Recommendation

First, a competent mortgage loan officer will explain how to qualify for a mortgage. A great loan officer will help you find the best loan for your needs. Visit the Bills.com mortgage savings center to get no-cost quotes from up to five pre-screened lenders.

Second, if you have a high credit score and your spouse does not, do not to add yourself to your spouse’s credit cards. Add your spouse to your cards as an authorized user, which will help pull their credit score up. The spouse with poor credit should pay off any delinquent cards or accounts as quickly as possible and negotiate a pay for delete to remove these harmful accounts from their credit report.

Third, it might be important to understand how a credit score is calculated. A credit rating is based on several variables, including:

  • Payment history (do you have any late payments, charge-offs, etc.)
  • The amount and type of debt owed
  • Any maxed-out trade lines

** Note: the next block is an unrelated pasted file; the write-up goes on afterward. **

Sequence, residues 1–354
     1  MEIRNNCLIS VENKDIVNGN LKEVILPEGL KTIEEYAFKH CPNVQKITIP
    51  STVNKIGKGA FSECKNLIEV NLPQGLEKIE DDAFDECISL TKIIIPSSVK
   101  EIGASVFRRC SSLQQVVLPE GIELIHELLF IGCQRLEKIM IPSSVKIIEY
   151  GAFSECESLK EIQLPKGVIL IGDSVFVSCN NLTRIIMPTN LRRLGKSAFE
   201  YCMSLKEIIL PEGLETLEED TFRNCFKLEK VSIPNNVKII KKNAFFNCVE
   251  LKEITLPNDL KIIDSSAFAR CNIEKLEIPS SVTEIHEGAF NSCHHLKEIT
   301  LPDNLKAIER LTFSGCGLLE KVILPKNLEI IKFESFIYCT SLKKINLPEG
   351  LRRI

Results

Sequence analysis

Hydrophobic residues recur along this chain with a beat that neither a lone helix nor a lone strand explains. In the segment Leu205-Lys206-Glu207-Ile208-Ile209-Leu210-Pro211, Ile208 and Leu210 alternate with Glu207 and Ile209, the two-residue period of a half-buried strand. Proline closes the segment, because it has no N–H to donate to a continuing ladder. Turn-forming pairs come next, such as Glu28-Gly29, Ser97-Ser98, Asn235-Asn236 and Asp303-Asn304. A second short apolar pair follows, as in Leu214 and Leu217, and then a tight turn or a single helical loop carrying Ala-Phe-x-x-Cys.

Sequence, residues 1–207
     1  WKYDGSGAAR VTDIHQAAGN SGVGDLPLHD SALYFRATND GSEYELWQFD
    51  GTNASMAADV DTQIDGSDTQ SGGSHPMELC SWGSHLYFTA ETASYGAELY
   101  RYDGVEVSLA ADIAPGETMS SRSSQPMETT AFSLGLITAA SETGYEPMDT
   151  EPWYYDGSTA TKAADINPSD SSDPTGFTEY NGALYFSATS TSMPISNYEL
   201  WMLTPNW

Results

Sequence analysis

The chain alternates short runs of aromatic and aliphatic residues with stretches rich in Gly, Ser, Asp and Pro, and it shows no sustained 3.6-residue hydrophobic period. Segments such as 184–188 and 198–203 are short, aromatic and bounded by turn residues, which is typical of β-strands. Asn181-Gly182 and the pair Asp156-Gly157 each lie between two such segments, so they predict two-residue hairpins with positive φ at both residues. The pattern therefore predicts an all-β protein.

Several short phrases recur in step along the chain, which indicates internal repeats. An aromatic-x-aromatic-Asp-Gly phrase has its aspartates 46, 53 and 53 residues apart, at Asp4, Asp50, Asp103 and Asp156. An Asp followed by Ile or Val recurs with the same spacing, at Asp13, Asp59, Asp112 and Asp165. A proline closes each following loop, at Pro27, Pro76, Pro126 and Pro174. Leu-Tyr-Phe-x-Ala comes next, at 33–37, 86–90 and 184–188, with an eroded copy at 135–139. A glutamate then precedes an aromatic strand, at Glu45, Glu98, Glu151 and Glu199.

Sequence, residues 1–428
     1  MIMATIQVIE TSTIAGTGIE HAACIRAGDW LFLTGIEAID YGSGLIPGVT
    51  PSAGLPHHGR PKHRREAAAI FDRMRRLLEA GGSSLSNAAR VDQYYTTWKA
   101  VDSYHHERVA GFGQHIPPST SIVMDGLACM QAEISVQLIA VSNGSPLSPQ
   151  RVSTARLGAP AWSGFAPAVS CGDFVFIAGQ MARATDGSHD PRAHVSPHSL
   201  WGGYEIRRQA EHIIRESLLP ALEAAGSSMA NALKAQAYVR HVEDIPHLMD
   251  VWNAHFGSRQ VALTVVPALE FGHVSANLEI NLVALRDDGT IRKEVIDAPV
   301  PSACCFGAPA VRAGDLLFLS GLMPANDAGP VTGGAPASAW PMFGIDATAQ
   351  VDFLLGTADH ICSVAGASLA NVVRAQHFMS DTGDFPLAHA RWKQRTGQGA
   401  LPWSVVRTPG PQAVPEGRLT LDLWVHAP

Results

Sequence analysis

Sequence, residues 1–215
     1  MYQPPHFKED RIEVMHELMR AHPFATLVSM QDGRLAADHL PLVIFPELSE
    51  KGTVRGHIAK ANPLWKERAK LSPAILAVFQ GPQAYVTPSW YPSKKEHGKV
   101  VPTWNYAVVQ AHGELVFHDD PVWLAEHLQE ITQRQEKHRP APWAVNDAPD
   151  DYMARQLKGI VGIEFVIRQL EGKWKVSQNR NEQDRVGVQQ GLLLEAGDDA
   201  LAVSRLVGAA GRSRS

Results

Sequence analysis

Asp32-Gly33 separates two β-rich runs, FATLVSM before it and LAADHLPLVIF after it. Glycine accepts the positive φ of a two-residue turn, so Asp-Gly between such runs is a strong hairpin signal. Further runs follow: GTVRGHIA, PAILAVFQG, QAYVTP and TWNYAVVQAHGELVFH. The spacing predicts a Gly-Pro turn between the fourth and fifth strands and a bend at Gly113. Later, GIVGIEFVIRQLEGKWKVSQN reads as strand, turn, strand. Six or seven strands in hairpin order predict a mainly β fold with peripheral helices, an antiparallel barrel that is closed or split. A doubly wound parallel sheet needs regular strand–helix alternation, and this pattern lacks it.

• Several secondary factors including length of credit history and how many recent inquiries have been made on a credit history.

Paying down maxed-out trade-lines will almost always boost a credit score. If you would like more information, please visit the Bills.com credit resource page.

Finally, spend a few minutes to learn if a no-cost mortgage is right for your situation.

I hope this information helps you Find. Learn & Save.

Best,

Bill

Bills.com

238 Comments

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  • MP
    Mar, 2013
    M
    I am not currently on our mortgage or deed. My credit is much better than my husbands. If I go on the deed, will this damage my credit? We are underwater as well. Can I refinance myself?
    0 Votes

    • BA
      Mar, 2013
      Bill